Oh yes, and speaking of CIA…while the documentary does bring some of the details of the traumatic 1960s, including Gore Vidal’s disagreements with Bobby Kennedy, it does not go into detail regarding Buckley’s CIA career. A Skull and Bones graduate of Yale in 1950, Buckley created the National Review with William J. Casey (who would later become CIA director under Ronald Reagan) and other CIA schleppers. In addition, Buckley was a good friend of notorious CIA operative E. Howard Hunt, directly involved in the Watergate break-in and implicated in the JFK assassination. Buckley went so far as to write the foreword for Hunt’s book American Spy. Which is precisely what Buckley was – a spy, a field operative among the intelligentsia of the American Right. His job, done brilliantly well, was to spur a reactionary conservativism that promoted militaristic and colonial values, whose malodorous effects linger to this day. In part, American Spy detailed the many propaganda assets and front groups used to spread “American values” around the world. Buckley was unquestionably one of its greatest assets.
For his part, Buckley received the Presidential Medal of Freedom from former CIA Director George H. W. Bush.
Writing later of the debates, Vidal said of him that “…I set out to establish him not only as a war-lover but as a totalitarian, in the general sense of someone with an authoritarian disposition who wishes to use the state for such ends as placing the ‘chronic welfare cases’ of New York City in ‘rehabilitation centers’ outside the city…” in his essay A Distasteful Encounter with William F. Buckley Jr. in his (since-banned) Esquire article in 1969. This was not hard to do, since Buckley had written enough in his own National Review to build his own credentials. As Kevin Schultz observed in his Salon article:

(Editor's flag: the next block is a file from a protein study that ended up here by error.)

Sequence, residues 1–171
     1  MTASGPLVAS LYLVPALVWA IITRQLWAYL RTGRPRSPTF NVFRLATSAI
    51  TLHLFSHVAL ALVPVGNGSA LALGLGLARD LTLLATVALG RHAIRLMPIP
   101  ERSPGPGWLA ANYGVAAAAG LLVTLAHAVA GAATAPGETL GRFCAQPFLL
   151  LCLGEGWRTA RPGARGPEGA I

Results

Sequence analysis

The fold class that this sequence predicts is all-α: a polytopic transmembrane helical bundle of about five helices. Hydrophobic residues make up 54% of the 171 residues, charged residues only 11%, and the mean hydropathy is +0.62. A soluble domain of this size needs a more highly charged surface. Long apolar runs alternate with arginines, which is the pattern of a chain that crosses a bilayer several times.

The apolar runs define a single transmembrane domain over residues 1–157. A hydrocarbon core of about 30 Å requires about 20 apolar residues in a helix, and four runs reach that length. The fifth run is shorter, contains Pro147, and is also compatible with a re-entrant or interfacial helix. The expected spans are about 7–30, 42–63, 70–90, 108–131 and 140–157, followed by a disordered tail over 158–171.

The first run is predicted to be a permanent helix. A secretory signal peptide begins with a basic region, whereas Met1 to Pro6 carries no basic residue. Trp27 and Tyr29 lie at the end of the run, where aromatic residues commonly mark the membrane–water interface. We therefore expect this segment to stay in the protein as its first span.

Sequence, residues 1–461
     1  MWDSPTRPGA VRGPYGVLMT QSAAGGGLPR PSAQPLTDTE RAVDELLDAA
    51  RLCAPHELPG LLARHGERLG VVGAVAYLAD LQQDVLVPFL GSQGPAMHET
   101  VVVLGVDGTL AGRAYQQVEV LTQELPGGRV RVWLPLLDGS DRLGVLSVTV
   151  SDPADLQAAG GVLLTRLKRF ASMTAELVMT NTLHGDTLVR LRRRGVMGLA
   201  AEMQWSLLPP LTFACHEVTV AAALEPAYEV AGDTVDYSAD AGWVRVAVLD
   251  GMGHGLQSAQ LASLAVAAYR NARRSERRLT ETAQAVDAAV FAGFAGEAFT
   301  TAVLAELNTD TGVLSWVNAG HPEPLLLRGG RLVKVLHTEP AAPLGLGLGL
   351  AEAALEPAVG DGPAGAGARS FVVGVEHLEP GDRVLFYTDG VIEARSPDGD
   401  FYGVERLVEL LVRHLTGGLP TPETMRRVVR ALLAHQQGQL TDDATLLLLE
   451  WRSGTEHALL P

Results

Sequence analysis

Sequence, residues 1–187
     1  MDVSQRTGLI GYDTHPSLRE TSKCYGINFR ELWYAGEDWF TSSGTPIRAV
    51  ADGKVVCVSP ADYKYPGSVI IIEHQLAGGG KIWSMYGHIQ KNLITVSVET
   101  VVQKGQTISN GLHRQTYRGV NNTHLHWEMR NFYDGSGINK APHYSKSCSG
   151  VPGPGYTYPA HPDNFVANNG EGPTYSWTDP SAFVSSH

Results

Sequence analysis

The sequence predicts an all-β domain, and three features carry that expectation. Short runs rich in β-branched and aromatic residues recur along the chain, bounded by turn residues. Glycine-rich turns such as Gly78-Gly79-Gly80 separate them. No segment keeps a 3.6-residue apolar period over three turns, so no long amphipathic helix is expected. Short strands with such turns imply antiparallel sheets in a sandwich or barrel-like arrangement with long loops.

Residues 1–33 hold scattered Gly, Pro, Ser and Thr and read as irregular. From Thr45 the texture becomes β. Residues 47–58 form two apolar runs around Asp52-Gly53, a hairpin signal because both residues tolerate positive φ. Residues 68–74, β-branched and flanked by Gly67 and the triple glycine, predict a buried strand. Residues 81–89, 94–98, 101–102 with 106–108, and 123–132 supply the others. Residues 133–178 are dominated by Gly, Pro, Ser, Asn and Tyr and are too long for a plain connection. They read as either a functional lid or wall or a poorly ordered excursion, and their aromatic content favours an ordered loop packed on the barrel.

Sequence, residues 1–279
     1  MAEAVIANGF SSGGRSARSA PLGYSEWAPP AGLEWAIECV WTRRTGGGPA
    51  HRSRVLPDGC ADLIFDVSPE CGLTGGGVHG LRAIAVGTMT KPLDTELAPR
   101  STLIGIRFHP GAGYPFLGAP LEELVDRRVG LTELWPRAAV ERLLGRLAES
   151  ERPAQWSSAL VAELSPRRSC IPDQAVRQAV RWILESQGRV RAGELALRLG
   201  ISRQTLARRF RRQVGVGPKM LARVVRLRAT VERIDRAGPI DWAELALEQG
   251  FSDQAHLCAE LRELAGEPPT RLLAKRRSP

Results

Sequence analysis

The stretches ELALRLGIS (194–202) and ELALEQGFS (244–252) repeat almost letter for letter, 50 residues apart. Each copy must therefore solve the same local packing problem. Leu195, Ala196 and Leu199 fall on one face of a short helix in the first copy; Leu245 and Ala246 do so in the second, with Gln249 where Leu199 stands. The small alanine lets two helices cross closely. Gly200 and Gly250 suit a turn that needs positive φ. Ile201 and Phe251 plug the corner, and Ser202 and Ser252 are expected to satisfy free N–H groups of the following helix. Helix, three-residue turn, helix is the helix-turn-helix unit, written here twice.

He didn’t stop there. In 1957, Buckley wrote National Review’s most infamous editorial, entitled “Why the South Must Prevail.” Is the white community in the South, he asked, “entitled to take such measures as are necessary to prevail, politically and culturally, in areas in which it does not predominate numerically?” His answer was crystal clear: “The sobering answer is Yes—the White community is so entitled because for the time being, it is the advanced race.” Buckley cited unfounded statistics demonstrating the superiority of white over black, and concluded that, “it is more important for any community, anywhere in the world, to affirm and live by civilized standards, than to bow to the demands of the numerical majority.” He added definitively: “the claims of civilization supersede those of universal suffrage.”
In his later writings, the documentary tells us, Vidal became “shrill.” Perhaps because he continued to question received wisdom, including about the 9/11 attacks, and did so from his uniquely insider perspective. For my own part I found him as perceptive as ever, and his voice is sorely missed as we all have become unwilling witnesses to the collapse of the republic.